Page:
Next Sunday, most Americans will change their clocks back to standard time, “falling back” after a summer of extended daylight hours. But California’s Proposition 7 could bring the state one step closer to eliminating the time-shift altogether
The measure doesn’t actually abolish daylight saving. It does repeal the 1949 rule that established the practice in California. This would allow the Legislature to look at other options, like keeping daylight saving year round or staying on standard time permanently. Their bill would need a two-thirds vote, and then Congressional approval.
Democratic Assemblymember Kansen Chu — the lawmaker who’s been pushing this for years — says switching the clocks is bad for people’s health, and causes traffic accidents.
The Uniform Time Act of 1966 established the twice-a-year clock change in the United States. In 1974, then-president Richard Nixon signed an order declaring clocks would spring forward one hour on Jan.6, and stay that way until April 1975. It was part of an effort to save energy during wartime. But people disliked the dark mornings so much that they switched the clocks again that following fall.
Arizona abolished daylight saving time more than 50 years ago after public outcry over the practice. CapRadio checked in with historian Calvin Schermerhorn at Arizona State University to find out how life in permanent standard time works over there.
On how long Arizona has been skipping out on daylight saving time, and why
It tried it in 1967, and the reasons why daylight saving time were instituted in the first place did not apply to Arizona. Basically that meant that instead of an extra hour of daylight to be outdoors, it was an extra hour of air conditioning to cool businesses, schools and automobiles. And people didn’t really like that.
On what it took to ban the practice
It was public outcry. It was outcry from parents, and educators, and business people. Just good old fashioned democratic protest against changing the rules and making life more difficult for everyone.
The Uniform Time Act of 1966 allowed states to opt out. There was nothing they needed to do [beyond passing a state law]. They didn’t run afoul of federal law. Until then, states had sort of formulated their own policies. It was loosely cooperative, but it didn’t always work
On the last 50 years in permanent standard time
I guess it’s been going fine. But the problem is, for half the year we have to readjust, or tell people we’re still on Mountain Standard Time. Which means, for all intents and purposes that’s Pacific Daylight Time. We’re three hours from the east coast instead of two. And then it’s a little bit difficult for businesses to sync with those times, although with automation it happens automatically.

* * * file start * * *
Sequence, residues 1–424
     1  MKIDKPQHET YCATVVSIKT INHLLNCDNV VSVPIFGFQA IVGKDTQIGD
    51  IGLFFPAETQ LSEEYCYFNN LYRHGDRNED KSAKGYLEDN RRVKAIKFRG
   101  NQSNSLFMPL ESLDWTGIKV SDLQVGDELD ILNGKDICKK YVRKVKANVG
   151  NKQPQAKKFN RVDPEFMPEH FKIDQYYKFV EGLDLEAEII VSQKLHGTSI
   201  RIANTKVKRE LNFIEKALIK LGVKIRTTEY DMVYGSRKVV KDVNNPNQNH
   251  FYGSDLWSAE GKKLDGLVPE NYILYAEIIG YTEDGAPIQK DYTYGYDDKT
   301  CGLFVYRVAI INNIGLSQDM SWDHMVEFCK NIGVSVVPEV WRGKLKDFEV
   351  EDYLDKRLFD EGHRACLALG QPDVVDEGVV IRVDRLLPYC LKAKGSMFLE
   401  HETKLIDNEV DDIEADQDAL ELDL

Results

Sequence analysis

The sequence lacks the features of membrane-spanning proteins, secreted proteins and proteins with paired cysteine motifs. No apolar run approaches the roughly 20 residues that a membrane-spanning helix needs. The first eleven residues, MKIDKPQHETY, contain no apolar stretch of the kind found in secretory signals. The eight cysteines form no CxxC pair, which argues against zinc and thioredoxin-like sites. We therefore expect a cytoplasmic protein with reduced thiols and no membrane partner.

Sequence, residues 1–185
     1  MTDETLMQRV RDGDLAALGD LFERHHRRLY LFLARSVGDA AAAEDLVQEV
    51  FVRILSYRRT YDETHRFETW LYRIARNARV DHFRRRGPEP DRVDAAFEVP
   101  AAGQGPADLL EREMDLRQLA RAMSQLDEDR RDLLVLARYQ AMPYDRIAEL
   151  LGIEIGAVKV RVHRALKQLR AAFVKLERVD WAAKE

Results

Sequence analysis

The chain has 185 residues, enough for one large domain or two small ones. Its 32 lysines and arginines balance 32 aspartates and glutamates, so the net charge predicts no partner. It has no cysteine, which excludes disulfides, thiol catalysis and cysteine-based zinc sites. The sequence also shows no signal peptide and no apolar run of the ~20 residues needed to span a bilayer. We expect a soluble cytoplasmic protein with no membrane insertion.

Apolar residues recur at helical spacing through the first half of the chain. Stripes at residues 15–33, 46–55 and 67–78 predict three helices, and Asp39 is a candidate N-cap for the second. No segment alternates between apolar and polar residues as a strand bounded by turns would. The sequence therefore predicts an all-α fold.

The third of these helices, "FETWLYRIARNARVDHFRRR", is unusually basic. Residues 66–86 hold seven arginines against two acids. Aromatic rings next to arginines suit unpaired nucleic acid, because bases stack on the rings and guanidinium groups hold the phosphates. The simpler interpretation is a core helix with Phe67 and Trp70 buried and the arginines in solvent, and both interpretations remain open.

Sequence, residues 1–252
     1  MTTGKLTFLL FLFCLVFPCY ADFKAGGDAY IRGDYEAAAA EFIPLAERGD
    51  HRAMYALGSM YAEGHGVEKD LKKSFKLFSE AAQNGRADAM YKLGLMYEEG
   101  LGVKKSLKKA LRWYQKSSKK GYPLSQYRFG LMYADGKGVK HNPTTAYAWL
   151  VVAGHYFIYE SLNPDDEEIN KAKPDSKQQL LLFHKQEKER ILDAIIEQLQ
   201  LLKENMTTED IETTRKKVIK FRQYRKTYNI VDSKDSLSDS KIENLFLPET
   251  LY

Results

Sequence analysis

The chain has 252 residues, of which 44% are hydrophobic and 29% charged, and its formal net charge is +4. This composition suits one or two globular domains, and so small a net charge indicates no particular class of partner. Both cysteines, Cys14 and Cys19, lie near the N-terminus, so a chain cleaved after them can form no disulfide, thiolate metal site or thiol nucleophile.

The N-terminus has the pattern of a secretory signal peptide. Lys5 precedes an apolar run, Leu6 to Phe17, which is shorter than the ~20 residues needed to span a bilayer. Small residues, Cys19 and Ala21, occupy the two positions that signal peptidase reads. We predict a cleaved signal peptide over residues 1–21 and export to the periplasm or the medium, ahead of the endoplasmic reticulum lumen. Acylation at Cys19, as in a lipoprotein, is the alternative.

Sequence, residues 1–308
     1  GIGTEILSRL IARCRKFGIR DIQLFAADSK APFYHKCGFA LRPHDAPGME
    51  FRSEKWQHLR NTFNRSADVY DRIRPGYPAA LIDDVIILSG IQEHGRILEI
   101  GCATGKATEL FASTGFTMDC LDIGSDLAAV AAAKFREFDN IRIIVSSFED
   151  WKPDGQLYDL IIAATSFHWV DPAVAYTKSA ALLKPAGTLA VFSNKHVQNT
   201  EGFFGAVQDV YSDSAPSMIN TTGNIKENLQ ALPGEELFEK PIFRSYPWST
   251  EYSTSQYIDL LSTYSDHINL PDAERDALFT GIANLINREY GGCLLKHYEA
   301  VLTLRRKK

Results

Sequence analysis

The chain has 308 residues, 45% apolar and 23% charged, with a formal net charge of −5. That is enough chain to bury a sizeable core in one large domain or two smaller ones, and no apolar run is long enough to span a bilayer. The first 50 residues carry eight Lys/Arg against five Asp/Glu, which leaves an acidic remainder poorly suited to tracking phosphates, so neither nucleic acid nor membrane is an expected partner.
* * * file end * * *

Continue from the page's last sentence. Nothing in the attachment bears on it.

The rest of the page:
And then there’s a further twist, which is that the Navajo nation, which is in the northern part of the state, keeps its time with its neighbors in Colorado and other states that do daylight saving. So if you go through the Navajo nation you have to switch to Mountain Daylight Time. But then the Hopi nation, which is in the same vicinity, does not participate in daylight saving time. So depending on your route through Arizona, you might have to switch your clocks back and forth several times.
On Arizonans’ feelings about the matter
Most Arizonans are pretty proud of this noncompliance with a federal regulation. In keeping with their self-described tradition of independence, I guess it’s in the vein of the original protest. It helps keep the power bills down a little bit, especially for those of us in the Sonoran desert. Another hour of daylight doesn’t necessarily add anything
Even if you’re farming — Arizona has quite a bit of agriculture — an extra hour of daylight doesn’t necessarily help things if you’ve got an extra hour of darkness in the morning when you’ve got to go out and gather crops or maintain the field.
Not everybody is happy about this. If you run a golf course, or a park, or some kind of outdoor attraction, an extra hour of daylight will help you. And studies of street crime have indicated that an extra hour of daylight actually does correlate with fewer instances of crime. So there’s always a tradeoff there.
On California’s future, should it succeed in nixing daylight saving as we know it
If California does withdraw, then there’s maybe an unbroken chain between Hawaii which does not participate and Arizona which does not participate, and most of the U.S. territories, like Puerto Rico do not participate. California may be a tipping point for others, at least in the west, to roll back the antiquated daylight savings time scheme.
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